The 10GW solar vision that could turn Northern Territory into economic powerhouse

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The NT’s untapped economic potential could be realised through large-scale investment in solar energy, a new BZE report has found.

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The Northern Territory has a multi-billion dollar opportunity to invest massively in renewables, create a new hydrogen export industry, and create thousands of jobs, rather than following the controversial path of fracking vast reserves of gas.

That is the conclusion of a new report from Beyond Zero Emissions (BZE), entitled the “10 Gigawatt Vision for the Northern Territory”, which outlines a plan for the creation of up to 8,000 new jobs, by tapping into the territory’s rich solar resources, and supporting the creation of new energy export industries, including renewable hydrogen.

BZE predicts that renewable hydrogen could generate $2 billion in export revenues by 2030, should the  NT government embrace renewables, and put in place a target for 10GW of renewable energy by 2030.

The report was launched at Parliament House in Darwin on Thursday by the territory’s minister of renewables Dale Wakefield, who was supportive of the project after being briefed on Wednesday. The launch was followed by a business round-table.

“Tapping into the NT’s nearly unlimited potential to generate renewable energy is an ideal solution to the territory’s quest to build a strong, resilient economy for its people and give them a good quality of life, ” CEO of Beyond Zero Emissions, Vanessa Petrie said.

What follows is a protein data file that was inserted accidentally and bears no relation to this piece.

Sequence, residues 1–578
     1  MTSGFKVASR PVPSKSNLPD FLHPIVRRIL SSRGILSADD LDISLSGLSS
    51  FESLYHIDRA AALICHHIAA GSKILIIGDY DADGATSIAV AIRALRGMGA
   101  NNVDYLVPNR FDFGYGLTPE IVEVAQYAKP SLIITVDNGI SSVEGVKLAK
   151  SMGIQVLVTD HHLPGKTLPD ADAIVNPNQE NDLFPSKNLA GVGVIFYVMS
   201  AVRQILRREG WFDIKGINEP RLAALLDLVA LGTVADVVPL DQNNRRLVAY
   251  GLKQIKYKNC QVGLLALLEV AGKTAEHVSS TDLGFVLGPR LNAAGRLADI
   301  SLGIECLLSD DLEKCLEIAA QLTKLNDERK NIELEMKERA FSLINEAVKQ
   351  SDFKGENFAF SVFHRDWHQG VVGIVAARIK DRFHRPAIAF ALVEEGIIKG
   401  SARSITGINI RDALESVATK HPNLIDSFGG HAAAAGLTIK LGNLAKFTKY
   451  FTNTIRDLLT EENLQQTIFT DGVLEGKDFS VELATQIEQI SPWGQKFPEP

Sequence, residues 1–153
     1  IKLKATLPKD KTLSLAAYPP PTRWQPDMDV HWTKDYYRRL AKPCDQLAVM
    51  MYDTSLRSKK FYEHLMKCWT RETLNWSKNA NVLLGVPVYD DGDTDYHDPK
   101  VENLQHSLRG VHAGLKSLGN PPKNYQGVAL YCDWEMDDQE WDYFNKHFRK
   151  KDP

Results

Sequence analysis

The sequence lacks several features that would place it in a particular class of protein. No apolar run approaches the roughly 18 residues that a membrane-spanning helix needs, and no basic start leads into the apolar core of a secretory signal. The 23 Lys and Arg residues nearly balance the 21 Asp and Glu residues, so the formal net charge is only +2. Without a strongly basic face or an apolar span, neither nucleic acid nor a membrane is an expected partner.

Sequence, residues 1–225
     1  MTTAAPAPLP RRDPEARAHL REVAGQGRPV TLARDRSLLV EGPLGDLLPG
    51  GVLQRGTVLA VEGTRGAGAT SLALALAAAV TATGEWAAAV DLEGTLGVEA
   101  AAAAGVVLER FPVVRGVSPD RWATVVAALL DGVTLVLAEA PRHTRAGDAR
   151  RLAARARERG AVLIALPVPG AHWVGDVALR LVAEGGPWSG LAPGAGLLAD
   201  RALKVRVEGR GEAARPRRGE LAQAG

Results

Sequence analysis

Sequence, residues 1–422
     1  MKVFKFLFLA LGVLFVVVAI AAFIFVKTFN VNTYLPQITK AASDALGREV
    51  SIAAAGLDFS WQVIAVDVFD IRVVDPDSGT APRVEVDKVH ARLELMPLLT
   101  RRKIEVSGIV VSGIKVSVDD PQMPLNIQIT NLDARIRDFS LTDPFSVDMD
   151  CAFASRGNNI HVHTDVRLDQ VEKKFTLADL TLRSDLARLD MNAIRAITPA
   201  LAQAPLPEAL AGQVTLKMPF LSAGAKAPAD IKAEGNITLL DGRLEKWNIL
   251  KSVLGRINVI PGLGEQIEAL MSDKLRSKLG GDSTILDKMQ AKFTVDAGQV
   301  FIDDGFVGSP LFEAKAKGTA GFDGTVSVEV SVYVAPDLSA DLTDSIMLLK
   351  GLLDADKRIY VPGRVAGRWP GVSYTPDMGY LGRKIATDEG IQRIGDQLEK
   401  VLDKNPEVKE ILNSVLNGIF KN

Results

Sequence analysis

“A renewables-powered electricity system would make energy-intensive sectors like mining and manufacturing more cost-efficient, and attract businesses to the territory. Replacing diesel machinery and vehicles with electric models would reduce health risks for workers.

“An ambitious renewable energy goal, combined with the Territory’s strategic location, can also unlock new opportunities such as meeting the world’s growing hunger for renewable hydrogen, exporting renewable electricity to growing Asian economies and adding significant value to exports through mineral processing.”

The Northern Territory has had a mixed experience with renewable energy.

Parts of the territory have strongly embraced renewables; Alice Springs in particular, which has passed 40 per cent renewable energy penetration within its grid. At the same time, the previous NT government ran scare campaigns over the costs of taking the grid to 100 per cent renewables, using an over-the-top figure of $2 billion, and openly backed the growth of gas fracking.

The current Labor government has a 50 per cent renewables target by 2030 for the electricity grid, but not much has happened to see that realised.

The BZE report paints a new vision; not only does renewable energy provide a huge opportunity for the NT to lower its energy costs, it could also provide a huge boom for its struggling economy.

An abundance of high-quality solar resources, and close proximity to Australia’s south-Asian neighbours, means the NT is ideally placed to serve as an Australian hub for renewable energy exports.

These exports might not just come in green hydrogen, it could include using cheap wind and solar to value add products, such as turning manganese ore into manganese metals, as Element 25 is proposing to do at the Butcherbird project in the Pilbara region, in Western Australia.